Zimbabwe's opposition says that it is not responsible for violent protests over fuel price hikes. An analyst tells DW the government is using tactics "reminiscent of the Mugabe administration."
Relative calm returned to Zimbabwe's capital Harare on Wednesday after two days of deadly street protests with opposition and government blaming each other for stirring up the violence.
"The government has reacted in a heavy-handed manner, they have sent soldiers and police to fire tear gas into the suburbs. That has caused a reaction from some of the protestors. We have called for dialogue on the economic and political crisis in Zimbabwe," Jacob Mafume, a spokesman for Zimbabwe's main opposition party, the Movement for Democratic Change (MDC), told DW from Harare.
Information minister Monica Mutsvanga had told state television Tuesday night that the anti-government demonstrations amounted to "terrorism." "These were well-planned attacks against the peace-loving Zimbabweans", Mutsvanga said.
'A frightening situation'
The government says that three people, including a police officer, died in violent protests against fuel price hikes and the economic crisis in the southern African nation on Monday. Amnesty International put the death toll at eight.
In Harare, schools, shops and petrol stations remained closed on Wednesday, with a heavy military presence in some areas. "The city is empty. This is a very frightening situation," a Harare resident told a DW correspondent. Many people were increasingly concerned about the effects of the stand-off as they ran out of food supplies and fuel. Police reportedly fired tear gas in Harare's city center at a crowd of people who had queued to buy bread at the city's only operating supermarket. Soldiers were deployed at the only fuel station still open.
President calls for calm
Zimbabwe's president Emmerson Mnangagwa wrote on Twitter that he was "deeply saddened" by the violence and called for calm. "Unfortunately, what we have witnessed is violence and vandalism instead of peaceful, legal protests. [...] Violence will not reform our economy. Violence will not rebuild our nation."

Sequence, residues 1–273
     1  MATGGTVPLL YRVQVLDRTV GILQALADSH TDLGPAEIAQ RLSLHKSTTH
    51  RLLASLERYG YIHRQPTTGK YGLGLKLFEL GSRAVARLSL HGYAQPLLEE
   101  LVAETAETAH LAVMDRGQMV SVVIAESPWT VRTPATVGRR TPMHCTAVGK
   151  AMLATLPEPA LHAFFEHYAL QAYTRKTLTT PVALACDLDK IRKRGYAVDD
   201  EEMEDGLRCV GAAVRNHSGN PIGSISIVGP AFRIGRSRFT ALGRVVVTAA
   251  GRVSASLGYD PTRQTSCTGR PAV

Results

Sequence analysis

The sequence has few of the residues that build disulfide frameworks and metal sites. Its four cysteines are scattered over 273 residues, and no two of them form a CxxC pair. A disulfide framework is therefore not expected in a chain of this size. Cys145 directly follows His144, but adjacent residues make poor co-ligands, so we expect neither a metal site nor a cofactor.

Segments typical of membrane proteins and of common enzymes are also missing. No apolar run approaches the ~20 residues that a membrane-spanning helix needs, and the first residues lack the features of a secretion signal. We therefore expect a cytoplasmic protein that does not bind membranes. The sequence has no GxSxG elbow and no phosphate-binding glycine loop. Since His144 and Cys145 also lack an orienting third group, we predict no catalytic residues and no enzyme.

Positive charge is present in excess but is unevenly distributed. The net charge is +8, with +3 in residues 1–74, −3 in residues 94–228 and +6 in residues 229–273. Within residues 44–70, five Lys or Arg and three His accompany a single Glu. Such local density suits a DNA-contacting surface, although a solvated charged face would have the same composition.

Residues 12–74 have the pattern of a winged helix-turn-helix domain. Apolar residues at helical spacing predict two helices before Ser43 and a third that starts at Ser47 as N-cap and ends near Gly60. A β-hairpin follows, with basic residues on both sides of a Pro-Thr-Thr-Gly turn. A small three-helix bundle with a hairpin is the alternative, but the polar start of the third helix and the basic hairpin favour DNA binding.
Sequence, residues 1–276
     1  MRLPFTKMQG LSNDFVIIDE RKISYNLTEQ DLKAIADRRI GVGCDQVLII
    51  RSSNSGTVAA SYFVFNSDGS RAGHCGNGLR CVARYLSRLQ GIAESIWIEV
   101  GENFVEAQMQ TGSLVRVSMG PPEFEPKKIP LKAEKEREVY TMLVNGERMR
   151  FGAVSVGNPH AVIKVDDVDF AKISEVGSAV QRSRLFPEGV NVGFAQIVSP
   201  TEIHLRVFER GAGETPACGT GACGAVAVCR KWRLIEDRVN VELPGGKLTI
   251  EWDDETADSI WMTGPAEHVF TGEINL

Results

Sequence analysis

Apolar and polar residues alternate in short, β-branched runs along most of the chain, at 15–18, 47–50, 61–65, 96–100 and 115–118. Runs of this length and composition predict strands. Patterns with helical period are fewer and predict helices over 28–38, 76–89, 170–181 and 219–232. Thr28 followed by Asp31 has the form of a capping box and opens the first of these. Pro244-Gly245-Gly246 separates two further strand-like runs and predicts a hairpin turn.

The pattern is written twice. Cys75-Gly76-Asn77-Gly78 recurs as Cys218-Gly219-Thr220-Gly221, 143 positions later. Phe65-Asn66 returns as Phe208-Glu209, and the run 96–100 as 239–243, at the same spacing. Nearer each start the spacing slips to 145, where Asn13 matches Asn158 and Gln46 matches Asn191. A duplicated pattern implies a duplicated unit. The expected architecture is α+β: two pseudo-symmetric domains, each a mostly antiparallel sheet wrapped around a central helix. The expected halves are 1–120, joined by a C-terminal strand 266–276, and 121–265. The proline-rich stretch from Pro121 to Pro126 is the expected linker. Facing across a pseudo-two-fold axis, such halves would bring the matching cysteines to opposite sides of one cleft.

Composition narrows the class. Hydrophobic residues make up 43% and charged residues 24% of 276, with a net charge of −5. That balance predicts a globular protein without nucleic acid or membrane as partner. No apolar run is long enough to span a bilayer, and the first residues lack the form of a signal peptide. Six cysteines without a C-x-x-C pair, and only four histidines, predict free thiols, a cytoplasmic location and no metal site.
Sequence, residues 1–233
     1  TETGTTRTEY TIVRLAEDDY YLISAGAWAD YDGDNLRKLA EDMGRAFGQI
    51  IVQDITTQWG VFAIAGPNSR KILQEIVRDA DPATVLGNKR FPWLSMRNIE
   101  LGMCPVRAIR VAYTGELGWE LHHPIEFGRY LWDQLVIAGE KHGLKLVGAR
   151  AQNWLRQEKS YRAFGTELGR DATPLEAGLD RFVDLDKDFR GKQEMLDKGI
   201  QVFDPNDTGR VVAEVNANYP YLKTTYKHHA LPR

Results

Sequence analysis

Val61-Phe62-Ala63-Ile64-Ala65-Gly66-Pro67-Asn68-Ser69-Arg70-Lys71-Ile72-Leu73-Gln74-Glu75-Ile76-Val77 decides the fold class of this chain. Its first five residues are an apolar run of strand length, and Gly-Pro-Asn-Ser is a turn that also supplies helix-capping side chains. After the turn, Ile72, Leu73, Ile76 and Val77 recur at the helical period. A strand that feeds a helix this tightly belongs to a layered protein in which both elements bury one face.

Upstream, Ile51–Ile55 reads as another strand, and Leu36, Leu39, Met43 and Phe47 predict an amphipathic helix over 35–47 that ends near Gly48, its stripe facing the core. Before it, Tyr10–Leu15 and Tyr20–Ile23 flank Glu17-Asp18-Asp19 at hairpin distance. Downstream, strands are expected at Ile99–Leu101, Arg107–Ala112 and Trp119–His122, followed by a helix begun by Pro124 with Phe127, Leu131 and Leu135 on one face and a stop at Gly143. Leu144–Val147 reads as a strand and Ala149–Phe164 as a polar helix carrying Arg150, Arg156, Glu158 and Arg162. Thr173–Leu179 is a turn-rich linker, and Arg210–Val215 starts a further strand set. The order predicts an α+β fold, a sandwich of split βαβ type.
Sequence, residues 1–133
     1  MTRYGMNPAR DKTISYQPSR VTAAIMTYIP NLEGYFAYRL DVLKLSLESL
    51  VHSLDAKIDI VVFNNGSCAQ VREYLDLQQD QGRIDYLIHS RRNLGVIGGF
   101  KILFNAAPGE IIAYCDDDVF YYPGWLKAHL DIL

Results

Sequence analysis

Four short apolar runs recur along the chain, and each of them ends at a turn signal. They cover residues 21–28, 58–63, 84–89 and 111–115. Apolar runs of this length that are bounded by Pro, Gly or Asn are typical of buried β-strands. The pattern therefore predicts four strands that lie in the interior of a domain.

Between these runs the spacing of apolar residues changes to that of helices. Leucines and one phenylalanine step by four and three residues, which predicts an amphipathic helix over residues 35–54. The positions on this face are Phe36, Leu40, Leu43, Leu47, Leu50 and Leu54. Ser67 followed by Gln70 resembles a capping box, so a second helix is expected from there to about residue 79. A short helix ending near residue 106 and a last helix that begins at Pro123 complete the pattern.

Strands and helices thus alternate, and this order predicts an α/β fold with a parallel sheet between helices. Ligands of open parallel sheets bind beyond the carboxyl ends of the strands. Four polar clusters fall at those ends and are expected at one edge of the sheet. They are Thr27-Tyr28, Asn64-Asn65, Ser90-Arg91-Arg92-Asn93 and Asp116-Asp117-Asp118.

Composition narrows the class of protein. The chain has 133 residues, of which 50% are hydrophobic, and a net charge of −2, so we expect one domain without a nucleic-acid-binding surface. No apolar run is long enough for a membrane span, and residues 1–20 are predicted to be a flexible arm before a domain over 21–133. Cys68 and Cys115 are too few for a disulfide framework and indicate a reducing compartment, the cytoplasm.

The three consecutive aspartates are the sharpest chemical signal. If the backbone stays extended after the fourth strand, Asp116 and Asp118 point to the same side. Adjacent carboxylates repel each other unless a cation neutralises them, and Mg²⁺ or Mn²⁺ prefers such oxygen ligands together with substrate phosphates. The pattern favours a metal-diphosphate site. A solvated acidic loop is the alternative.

Zimbabwe has been engulfed by a severe economic crisis for years. The country has been hit by a shortage of US dollars which replaced the local currency in 2009. As a result, medicines, fuel and other goods cannot be imported, leading to acute shortages. The country's unions had called for three days of 'stay at home' protests after an announcement by President Mnangagwa on Sunday that fuel prices would be hiked.
"It looks fairly likely that this was a spontaneous outburst of anger," Derek Matyszak, a researcher with the Institute for Security Studies told DW from Harare. "In any country, people would protest if fuel prices would go up by five or ten percent, so a 250 percent increase was obviously likely to spark unrest."
Civil society activist arrested
Matyszak said that the government's response had been "reminiscent of the Mugabe administration". "I am receiving reports of the military breaking into people's homes and beating them up because they are suspecting them to be part of the demonstrations", he said.
On Wednesday, police arrested Evan Mawarire, one of Zimbabwe's leading activists, who is known for staging large-scale public protests against then President Mugabe's authoritarian rule in 2016. Police accused him of inciting violence through his social media accounts, according to his lawyer. The MDC wrote on Twitter that parts of its leadership had also been arrested. Internet services were shut down for a second day, with the country's leading mobile operator telling customers it was acting on orders from the government.
Civil society activists said that the protests had been the biggest unrest in Harare since August 2018, when security forces cracked down on opposition supporters protesting against the outcome of presidential elections.
Privilege Musvanhiri in Harare contributed to this report